Christmas Reflection

Christmas Tree. Photo by Callen Harty.

Christmas Tree. Photo by Callen Harty.

Last night as I was driving home under the stars on tops of evergreen trees and past lights behind frosty windows I thought of my mother and I cried. She is old now, bedridden and infirm, somehow staying alive when we thought she would be gone before Christmas several years in a row. She has been on my mind a lot lately. In a sad way she is already gone though still physically present. She doesn’t recognize people, she doesn’t know her own history most of the time, she is weak. And yet she hangs on to her tenuous life with a ferocity that amazes.

But I wasn’t crying for her inevitable decline and passing, which could be years from now with her Irish stubbornness and toughness. The tears were more for what has already been lost. What I have now is memories, but she has shown me that memories can be as fragile as life. I cried in part for the joyful memories. In more youthful Christmastimes she would load all of us kids into the car and drive around town to look at all the pretty lights hung from trees and houses. Many of my best memories are of Mom in the car: sudden surprise trips to the drive-in eight miles away in Benton or twelve miles away in Darlington where we would enjoy ice cream (still her favorite treat); treks to Dubuque or Madison for shopping; going along with her through early morning fog when she would drive my oldest brother to work at his job in Monroe; trips to visit relatives in Hanover, Illinois or just out to the country to farms of relatives and friends; even the short jaunts downtown or to the post office–all of which gave time just to be together and talk and marvel at the world around us.

In high school Yahtzee, Scrabble, and other games were used the same way. We would spend hours sitting at the table rolling dice and striving to win while discussing the state of the world. We loved each other’s company then–we talked, we shared deep things with each other, we laughed. Oh, did we laugh. We laughed a lot. Sometimes there would be laughing jags so long and so hard that we would both end up in tears from the laughter, with my mother snorting loudly as it continued, and that would make her and me both laugh even more. She loved her Yahtzee, but the game didn’t really matter. It was the thing that brought us together to sit for a while and be with each other. She was fiercely competitive, but I think we both won when spending that time together and I think she knew that.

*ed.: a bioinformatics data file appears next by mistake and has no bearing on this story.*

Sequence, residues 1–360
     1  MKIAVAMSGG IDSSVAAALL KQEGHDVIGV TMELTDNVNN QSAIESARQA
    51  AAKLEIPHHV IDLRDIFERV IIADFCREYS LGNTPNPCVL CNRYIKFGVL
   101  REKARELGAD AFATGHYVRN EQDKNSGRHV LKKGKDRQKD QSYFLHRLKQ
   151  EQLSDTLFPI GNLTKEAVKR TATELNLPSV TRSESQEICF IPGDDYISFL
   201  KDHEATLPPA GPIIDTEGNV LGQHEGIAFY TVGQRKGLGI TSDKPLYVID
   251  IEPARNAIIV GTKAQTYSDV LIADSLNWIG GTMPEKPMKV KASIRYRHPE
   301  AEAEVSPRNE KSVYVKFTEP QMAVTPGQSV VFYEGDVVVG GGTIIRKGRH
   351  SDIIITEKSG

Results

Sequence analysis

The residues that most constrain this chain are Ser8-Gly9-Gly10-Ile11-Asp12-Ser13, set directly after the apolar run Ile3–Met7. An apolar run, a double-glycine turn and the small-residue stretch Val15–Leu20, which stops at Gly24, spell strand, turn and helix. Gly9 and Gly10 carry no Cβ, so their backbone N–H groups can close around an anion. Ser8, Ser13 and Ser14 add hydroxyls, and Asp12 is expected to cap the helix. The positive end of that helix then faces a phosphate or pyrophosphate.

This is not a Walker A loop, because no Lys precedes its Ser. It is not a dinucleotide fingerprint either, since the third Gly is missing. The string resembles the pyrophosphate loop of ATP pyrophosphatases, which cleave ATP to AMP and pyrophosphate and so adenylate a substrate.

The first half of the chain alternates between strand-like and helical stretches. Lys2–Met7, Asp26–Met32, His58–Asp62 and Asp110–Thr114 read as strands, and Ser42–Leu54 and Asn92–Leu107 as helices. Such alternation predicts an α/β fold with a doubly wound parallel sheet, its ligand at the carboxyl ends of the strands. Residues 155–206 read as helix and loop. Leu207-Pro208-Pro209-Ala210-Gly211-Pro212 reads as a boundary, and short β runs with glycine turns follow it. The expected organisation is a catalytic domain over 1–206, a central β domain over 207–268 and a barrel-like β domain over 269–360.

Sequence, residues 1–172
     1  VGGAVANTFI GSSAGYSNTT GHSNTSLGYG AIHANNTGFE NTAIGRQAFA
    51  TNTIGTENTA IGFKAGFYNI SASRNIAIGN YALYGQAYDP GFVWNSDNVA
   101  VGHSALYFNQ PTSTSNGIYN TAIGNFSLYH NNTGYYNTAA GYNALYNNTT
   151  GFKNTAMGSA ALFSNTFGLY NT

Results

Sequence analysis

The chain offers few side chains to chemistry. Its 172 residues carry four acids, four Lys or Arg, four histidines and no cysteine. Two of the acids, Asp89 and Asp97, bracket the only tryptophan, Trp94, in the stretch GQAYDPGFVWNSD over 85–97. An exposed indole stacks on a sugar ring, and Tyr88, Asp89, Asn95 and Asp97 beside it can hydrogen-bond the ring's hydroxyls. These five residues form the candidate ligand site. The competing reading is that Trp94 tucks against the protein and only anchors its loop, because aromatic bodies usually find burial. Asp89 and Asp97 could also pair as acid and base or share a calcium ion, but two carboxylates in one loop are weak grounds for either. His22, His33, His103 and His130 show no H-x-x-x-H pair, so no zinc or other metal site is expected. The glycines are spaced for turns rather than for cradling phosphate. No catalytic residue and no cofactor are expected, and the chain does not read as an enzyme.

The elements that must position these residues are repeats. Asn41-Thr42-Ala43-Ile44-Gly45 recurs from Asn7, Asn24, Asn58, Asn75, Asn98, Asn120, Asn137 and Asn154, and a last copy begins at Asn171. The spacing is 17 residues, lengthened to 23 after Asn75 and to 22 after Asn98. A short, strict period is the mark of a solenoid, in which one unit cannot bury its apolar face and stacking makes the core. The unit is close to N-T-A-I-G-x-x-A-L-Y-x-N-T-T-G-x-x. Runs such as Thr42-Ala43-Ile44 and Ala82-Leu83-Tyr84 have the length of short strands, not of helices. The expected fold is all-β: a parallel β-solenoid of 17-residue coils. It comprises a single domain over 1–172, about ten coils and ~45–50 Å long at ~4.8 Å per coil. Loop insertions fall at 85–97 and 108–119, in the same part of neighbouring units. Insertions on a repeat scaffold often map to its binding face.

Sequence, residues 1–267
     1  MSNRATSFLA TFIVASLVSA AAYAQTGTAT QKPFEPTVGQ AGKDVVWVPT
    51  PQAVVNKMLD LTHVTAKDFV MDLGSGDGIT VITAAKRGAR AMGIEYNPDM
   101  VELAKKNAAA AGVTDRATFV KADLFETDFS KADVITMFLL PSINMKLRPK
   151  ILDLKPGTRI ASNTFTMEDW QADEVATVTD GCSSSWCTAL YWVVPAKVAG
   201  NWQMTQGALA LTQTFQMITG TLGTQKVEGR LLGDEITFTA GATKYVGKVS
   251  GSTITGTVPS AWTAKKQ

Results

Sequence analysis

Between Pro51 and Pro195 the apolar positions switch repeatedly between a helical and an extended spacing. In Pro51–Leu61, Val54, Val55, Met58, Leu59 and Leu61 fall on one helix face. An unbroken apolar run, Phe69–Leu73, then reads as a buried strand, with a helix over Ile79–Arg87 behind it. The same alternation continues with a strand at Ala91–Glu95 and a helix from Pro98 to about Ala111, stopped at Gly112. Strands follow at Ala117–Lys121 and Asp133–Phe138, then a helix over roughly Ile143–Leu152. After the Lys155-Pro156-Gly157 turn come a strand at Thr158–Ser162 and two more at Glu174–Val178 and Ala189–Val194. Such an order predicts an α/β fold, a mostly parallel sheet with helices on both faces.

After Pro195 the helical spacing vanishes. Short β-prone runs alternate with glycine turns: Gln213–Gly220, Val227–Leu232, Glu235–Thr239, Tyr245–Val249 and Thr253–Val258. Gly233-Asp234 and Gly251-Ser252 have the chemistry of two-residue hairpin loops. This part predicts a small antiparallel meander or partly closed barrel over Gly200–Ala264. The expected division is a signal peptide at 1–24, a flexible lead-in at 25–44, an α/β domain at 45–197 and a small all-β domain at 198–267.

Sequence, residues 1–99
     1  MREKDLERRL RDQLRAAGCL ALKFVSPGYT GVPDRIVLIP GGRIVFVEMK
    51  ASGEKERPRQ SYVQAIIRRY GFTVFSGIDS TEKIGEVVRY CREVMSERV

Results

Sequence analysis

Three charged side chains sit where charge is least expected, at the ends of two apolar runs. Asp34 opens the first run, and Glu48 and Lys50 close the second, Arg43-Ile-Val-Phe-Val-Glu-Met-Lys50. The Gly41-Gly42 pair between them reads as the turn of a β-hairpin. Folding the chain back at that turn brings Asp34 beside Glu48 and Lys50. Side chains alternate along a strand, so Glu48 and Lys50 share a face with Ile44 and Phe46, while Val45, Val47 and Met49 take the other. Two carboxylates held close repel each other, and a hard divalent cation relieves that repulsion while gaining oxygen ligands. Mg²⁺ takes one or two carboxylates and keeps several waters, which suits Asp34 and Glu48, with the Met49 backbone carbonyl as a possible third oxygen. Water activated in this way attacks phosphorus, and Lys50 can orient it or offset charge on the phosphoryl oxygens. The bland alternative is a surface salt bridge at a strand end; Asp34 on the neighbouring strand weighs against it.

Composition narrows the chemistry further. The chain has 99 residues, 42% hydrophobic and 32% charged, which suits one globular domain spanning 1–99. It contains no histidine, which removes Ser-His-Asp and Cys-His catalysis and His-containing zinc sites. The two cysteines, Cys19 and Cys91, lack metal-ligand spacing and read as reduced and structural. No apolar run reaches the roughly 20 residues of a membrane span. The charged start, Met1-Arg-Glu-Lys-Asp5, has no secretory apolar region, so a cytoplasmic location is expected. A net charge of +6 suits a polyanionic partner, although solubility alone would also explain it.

These things can come to a person at the most unlikely of moments, but I understood fully last night why holidays can be so difficult for so many people. In many families, just like mine, the parents do their best to create happy experiences for their children. We didn’t have much when I was a child, but Mom always made sure we had some new clothes and some new toys or things that we would enjoy at Christmas. Many of my friends and neighbors would get all the newest toys or gadgets and I would sometimes be embarrassed by what I had received in comparison, but I also understood that my mother had done the best she could as a single mother raising a family of four. There was always food, light, and love in the house during the season. In every season, when I think about it.